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Soon to be Worldwide Water Shortage??

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posted on Oct, 12 2007 @ 10:11 PM
reply to post by pepsi78

Precipitation isn't an absolute cycle, though. It doesn't carry and release the same amount of water every time in the very same place. Regions become barren with water. If you look at Utah, it was completey submerged in water which was called "Lake Bonneville." Guess where it is now? Not here because I'm living in what used to be 30' of water. It was the largest fresh water mass on the North American continent that it no longer here without the acceleration our species is currently contributng to the modern crisis..

Nature is wild, man.

posted on Oct, 12 2007 @ 10:50 PM

Originally posted by DeadFlagBlues
reply to post by pepsi78

Precipitation isn't an absolute cycle, though. It doesn't carry and release the same amount of water every time in the very same place.

While some regions get a baren enviorment others get flooded, to my opinion what go's up comes down,
If you believe in the ICE age scenario reapeating it's self where every thing is going to freze then I don't see how we could run out of water.

I remain to the opinion that this is due to the unbalanced enviorment , while some places recive water more than the normal limit, some get none, some say the onceans are growing due to the fact that clouds form little by little over an area like the place you live around for example but it usualy rains in the middle of the ocean, that means you've been robed of your water and the lake you once had is now just part of the ocean.

posted on Oct, 12 2007 @ 11:15 PM
reply to post by pepsi78

It's not relative though and it's obvious this behavior is accelerated by our own doing. The current state of the environment as a whole definitely isn't consistant with pre-industrialization. We need to come to terms with each and everyone one of our actions and quit justifying it through bogus reasoning like "what goes up, must come down." That wasn't meant to be rude in the slightest but if we keep suggesting it's a natural occurence we're just hastening the inevitable devistation of our eco-systems.

posted on Nov, 1 2007 @ 06:40 PM
reply to post by pepsi78

The real issue is potable water. Fresh water supplies are drying up.


I've been slacking on this thread, but it's not because of a lack of stories out there. In the meantime I wanted to link these other threads that I feel should be part of the larger discussion and thank those members for their threads.

US drought spreading

Water Politics in Dalton & Atlanta GA

Our Drinkable Water Supply Is Vanishing

[edit on 11-1-2007 by worldwatcher]

posted on Nov, 2 2007 @ 09:59 AM

Originally posted by AlexofSkye
So where do you figure the water is going, if there's a shortage? Siphoned off to Mars?

No, the same quantity of water still exists, as it always has. (In fact, the supply is constantly being added to, via volcanic eruptions). Its just a matter of distribution, and the global climate takes care of that. Climate is a very dynamic and variable thing. There are some parts of the world that are chronically short of water (the great deserts), and others where it is constantly wet (coastal Washington/British Columbia comes to mind), and others where they go through cycles of drought (Spain, US/Canadian prairies. Its just the weather, man.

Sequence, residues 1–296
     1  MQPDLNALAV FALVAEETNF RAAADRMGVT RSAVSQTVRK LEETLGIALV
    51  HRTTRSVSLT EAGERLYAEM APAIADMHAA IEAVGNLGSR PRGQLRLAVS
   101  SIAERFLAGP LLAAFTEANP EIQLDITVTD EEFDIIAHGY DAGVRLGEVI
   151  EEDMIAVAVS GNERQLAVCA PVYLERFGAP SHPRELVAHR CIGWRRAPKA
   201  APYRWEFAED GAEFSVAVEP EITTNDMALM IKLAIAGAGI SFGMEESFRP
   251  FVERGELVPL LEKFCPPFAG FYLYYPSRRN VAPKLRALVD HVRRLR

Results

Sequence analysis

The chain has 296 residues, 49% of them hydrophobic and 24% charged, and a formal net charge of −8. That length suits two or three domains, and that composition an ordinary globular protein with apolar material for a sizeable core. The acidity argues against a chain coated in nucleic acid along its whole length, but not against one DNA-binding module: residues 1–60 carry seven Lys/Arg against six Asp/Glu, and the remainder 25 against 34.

This is the first thing I thought as I began reading the thread. Water is the ultimate "renewable" resource, completely "sustainable" to use the buzz word of the day.

Except for the very small quanities that have left earth with spacecraft and thier occupants, all the water that was here 4 billion years ago is still here. Infact, there is more now than then thanks to comets.

Anyway...if we are experiencing a reduction in precipitation over large areas, all that water that is not falling as rain or snow must be accounted for. This is where it is...


So much for melting ice and sea level rise....

posted on Nov, 2 2007 @ 10:12 AM
Add this to the list of water woes. We want our 22 billion gallons of water back.

Water Wars 2007 - A Man Made Disaster:'

posted on Nov, 2 2007 @ 01:03 PM
Here's Georgias, and So. Californias, and Floridas, and Spains water....


posted on Nov, 2 2007 @ 01:13 PM
My Grandma recalls a time when she was growing up called "The dust bowl". She says to 'be prepared, as it is cyclical."

The most visible evidence of how dry the 1930s became was the dust storm. Tons of topsoil were blown off barren fields and carried in storm clouds for hundreds of miles. Technically, the driest region of the Plains – southeastern Colorado, southwest Kansas and the panhandles of Oklahoma and Texas – became known as the Dust Bowl, and many dust storms started there. But the entire region, and eventually the entire country, was affected.

Here is yet another interesting point of view on how these conditions could have lead to the migration and disappearance of the ancient Native American cultures such as the Anasazi.

[edit on 2-11-2007 by antar]

[edit on 2-11-2007 by antar]

posted on Nov, 3 2007 @ 08:30 AM
I would not underestimate how this issue will begin to nip at the edges. At first, large towns and cities will receive the attention and (perhaps) assistance they need. But how many of the small guys will?

Tennessee Town Has Run Out of Water